So is any deal better than no deal? In this case: No. It would open up again the discussion around climate solutions in the aviation sector, which too quickly were limited on the market based mechanism and closed the gate to other solutions, which actually had been on the table before already, like a kerosene tax. It would give transport and environmental ministers the time to realize that aviation is related to the mobility system and that trains could cover the majority of flights (in the EU, most flights are short distance). And policy makers might realize that in order to prevent climate change, it’s not either saving forests OR reducing aviation, but both. 50 organisations therefore called for a stop of new airport projects and state incentives for avation, and to invest in affordable and attractive train transport and to strenghten regional production systems (which would lower cargo flights).
Nnimmo Bassey, Director, Health of Mother Earth Foundation (HOMEF), Nigeria:
When airlines talk of carbon offsets one may be thinking that they are off on a flight of fancy to the clouds. However, the truth is that for the sake of the planet they must abort this flight rather than take off on a false and patently unjust climate flight path.
Ivonne Yanez, Oilwatch, Ecuador:
The aviation industry is very irresponsible to imagine that it will be able to increase its emissions by 700 per cent by 2050. What’s worse is that it thinks it can do so by way of an uncontrollable expansion in biofuel cropping that will lead to deforestation and the grabbing of agricultural lands. The industry’s plans are bound to result in violations of the right to food sovereignty and to encourage more use of fossil fuels.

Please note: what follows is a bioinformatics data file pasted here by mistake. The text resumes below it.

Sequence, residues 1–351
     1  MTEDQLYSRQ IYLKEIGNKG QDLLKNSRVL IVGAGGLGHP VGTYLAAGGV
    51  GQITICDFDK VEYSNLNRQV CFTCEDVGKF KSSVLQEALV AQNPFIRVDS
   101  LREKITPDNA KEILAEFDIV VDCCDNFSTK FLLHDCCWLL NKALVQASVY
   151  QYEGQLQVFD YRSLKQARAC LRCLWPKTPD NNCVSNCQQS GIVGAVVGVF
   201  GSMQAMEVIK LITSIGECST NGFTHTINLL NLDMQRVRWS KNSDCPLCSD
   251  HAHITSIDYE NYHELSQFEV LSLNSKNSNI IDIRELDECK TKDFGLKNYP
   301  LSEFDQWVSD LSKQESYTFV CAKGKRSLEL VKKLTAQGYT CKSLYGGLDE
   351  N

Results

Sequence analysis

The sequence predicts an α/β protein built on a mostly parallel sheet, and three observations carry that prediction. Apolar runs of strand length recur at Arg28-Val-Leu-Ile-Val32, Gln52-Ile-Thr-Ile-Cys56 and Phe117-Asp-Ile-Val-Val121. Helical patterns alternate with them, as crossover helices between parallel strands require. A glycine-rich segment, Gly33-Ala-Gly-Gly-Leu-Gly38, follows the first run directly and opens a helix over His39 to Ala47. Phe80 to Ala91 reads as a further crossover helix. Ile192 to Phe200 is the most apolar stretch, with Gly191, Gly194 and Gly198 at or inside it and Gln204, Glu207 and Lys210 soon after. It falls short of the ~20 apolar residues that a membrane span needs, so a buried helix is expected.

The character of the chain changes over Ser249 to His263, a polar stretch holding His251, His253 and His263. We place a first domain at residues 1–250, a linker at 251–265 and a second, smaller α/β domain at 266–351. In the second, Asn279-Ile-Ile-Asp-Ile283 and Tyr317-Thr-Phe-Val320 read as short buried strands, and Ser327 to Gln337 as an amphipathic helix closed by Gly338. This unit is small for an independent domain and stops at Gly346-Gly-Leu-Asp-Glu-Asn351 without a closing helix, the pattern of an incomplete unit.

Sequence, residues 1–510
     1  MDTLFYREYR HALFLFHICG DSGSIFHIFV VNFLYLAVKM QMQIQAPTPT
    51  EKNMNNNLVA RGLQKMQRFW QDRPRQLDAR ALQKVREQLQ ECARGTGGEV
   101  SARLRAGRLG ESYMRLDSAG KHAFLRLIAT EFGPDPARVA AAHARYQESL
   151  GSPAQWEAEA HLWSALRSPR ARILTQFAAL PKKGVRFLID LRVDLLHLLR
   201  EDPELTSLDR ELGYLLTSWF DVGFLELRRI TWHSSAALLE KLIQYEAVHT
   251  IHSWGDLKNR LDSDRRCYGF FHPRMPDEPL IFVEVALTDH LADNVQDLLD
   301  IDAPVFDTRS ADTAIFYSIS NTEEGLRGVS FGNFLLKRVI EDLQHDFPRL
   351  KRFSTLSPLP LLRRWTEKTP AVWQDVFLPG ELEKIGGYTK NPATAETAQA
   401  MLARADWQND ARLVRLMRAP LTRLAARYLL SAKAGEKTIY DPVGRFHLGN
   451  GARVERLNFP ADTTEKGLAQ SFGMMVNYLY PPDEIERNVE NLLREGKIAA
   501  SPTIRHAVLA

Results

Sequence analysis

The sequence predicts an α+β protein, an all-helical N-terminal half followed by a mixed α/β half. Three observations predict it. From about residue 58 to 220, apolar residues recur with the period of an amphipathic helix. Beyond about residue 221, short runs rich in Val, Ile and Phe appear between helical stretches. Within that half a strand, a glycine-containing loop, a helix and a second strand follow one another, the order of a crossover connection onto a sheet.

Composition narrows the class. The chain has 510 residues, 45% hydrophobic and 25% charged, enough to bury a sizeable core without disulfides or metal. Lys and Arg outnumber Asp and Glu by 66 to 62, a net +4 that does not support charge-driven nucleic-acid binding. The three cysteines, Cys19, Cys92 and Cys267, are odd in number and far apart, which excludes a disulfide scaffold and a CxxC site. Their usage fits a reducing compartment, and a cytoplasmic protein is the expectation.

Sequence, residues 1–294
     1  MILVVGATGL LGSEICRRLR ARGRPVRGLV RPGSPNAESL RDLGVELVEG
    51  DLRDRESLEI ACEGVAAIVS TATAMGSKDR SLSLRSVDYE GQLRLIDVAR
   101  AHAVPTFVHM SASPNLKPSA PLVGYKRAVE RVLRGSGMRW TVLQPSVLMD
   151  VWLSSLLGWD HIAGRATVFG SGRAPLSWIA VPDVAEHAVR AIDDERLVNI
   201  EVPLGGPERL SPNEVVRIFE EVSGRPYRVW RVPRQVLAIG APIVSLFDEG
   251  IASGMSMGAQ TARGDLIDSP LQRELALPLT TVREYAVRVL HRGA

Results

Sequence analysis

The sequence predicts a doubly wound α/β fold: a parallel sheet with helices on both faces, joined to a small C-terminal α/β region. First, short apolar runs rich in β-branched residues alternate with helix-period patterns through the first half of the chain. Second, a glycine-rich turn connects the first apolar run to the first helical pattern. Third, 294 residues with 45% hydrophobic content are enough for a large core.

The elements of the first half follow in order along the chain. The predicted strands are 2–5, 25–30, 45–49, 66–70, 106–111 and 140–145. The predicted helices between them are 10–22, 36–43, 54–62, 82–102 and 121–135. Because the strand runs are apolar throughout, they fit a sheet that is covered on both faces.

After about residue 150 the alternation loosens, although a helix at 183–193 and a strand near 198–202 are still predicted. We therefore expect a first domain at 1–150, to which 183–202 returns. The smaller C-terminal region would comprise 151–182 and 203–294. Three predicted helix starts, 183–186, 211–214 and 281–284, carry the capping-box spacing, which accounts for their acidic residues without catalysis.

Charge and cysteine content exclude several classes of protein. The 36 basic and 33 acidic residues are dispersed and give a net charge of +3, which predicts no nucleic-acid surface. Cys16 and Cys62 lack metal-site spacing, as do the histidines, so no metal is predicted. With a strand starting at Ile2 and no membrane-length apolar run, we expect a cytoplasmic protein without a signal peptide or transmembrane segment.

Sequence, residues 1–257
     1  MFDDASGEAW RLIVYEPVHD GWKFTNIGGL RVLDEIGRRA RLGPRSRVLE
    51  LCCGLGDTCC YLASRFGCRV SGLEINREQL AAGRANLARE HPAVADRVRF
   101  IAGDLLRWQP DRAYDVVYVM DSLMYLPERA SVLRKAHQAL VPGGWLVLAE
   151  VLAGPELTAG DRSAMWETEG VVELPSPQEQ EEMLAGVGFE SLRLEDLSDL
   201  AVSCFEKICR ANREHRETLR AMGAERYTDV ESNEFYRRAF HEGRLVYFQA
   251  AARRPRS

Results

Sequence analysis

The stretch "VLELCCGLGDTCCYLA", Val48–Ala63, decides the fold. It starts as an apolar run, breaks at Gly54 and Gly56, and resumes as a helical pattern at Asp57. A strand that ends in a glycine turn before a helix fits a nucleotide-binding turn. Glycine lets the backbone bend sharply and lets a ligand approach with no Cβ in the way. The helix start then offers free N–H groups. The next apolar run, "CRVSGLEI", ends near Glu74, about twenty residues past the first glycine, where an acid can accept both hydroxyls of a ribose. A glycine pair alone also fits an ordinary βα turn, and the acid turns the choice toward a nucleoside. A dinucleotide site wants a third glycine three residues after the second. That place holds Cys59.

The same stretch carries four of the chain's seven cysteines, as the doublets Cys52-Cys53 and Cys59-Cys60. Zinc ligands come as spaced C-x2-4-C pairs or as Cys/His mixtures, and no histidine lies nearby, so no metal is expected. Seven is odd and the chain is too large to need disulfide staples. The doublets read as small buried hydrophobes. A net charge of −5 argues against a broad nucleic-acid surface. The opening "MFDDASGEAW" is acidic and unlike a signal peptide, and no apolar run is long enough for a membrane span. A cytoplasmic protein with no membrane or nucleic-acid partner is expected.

The aviation business may also seek to “offset” its emissions by appropriating forests through REDD-type projects, mainly in the global South. Yet we know that such “compensation” projects do not reduce emissions and merely amount to permission to continue the extraction and consumption of gas, coal or oil.
Almost twenty years ago, at COP 3 in Kyoto in 1997, Oilwatch launched its worldwide campaign for a moratorium on oil activities, and ten years ago its proposal to leave remaining oil underground, with a first step to be taken in the Yasuni National Park in Ecuador. After all these years we remain convinced that the best way to combat climate change is to stop taking fossil fuels out of the ground. Rejection of REDD and biofuels must go hand in hand with the declaration of more and more territories free from petroleum.
Maxime Coombes, spokesperson for Attac France on climate issues:
Just when the EU ratified the Paris Agreement, the aviation sector obtained a guarantee to continue its unlimited growth without any consideration of the climate crisis: “a carbon-neutral growth” does not mean reducing greenhouse gas emissions. Carbon offsetting means that GHG emissions are not limited and can increase without limit.
In the final text of the ICAO decision, there is no longer any reference to long-term goals consistent with Article 2 of the Paris Agreement which stipulates that states have to contain global warming well below 2°C, and ideally below 1.5°C. As a result, airlines have no long-term goal and the Paris Agreement goals, as limited as they are, are just ignored. At the request of aviation lobbies, the transport ministers of the states agreed to jeopardize the Article 2 of the Paris Agreement just at the moment when the European Union was ratifying the Paris agreement, at the moment when commentators and opinion-makers were hailing the forthcoming entry into force of the Paris Agreement.